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Healing Wounds, Saving Lives

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Healing Wounds, Saving Lives

August 05, 2020
Many times, healing a wound means saving a life. For older adults, wounds can take longer to heal. This is especially true for those with those with diabetes, cardiovascular disease, chronic kidney disease, or morbid obesity. These diseases can restrict blood flow, slowing down the healing process.
"Wound care is better described as wound management. Simply put, it includes all aspects of care to take care of a patient with a skin injury," explains InnovAge's Dr. Traci Kimball , a specialist in wound management. "It's not just about the 'hole' in the patient, but the whole patient. ”
Diet, hydration, exercise, and other factors can impact how likely a person may be to recover from a wound.The coordinated healthcare offered through InnovAge'sProgram of All-inclusive Care for the Elderly (PACE) makes sure that all disciplines are working together for each individual in the program.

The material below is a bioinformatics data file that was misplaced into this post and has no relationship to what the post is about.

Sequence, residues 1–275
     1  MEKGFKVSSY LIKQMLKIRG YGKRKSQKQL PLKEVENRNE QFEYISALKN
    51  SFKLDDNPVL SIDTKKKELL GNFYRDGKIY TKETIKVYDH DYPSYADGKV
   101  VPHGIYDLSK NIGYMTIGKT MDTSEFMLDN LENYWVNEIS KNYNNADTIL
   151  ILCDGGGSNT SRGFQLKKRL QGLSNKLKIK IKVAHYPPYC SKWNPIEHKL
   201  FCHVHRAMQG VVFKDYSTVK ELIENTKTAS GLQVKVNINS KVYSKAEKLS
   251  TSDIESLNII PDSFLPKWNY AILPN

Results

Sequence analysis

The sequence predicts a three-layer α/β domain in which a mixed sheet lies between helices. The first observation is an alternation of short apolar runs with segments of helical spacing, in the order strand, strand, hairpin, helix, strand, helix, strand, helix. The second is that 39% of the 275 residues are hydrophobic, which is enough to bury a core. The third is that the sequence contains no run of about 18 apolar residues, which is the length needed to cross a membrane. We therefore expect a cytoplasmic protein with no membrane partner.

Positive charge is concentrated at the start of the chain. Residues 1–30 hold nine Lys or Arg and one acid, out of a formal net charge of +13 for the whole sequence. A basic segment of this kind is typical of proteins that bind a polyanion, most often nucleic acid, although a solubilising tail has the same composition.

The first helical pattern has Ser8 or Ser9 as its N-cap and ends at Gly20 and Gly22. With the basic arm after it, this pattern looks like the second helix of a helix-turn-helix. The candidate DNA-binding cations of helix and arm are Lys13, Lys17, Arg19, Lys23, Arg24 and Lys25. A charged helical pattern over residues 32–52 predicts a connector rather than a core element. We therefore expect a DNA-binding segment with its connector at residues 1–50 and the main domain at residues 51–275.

Another factor is the thinning skin that many adults experience as they age. "Even minor trauma, like a cut or scratch, can become serious and turn into a chronic wound - a wound that won't heal normally," she says.
Chronic wounds can include pressure injuries like bed sores, foot ulcers in diabetics, or other ulcers caused by poor circulation. "If an older adult has an infection and develops a wound, it's more common for that wound not to heal normally on its own," explains Dr. Kimball.
Older adults, and their family caregivers, should be mindful of their skin, Dr. Kimball advises. "Be on the lookout for scratches or cuts that won't heal, and any discoloration or changes." These may be sign it's time to talk to your physician.
"I love what I do," Dr. Kimball adds. “Being able to use my hands to change the course of a patient's wound healing trajectory is why I do what I do; I save limbs and lives. ” 
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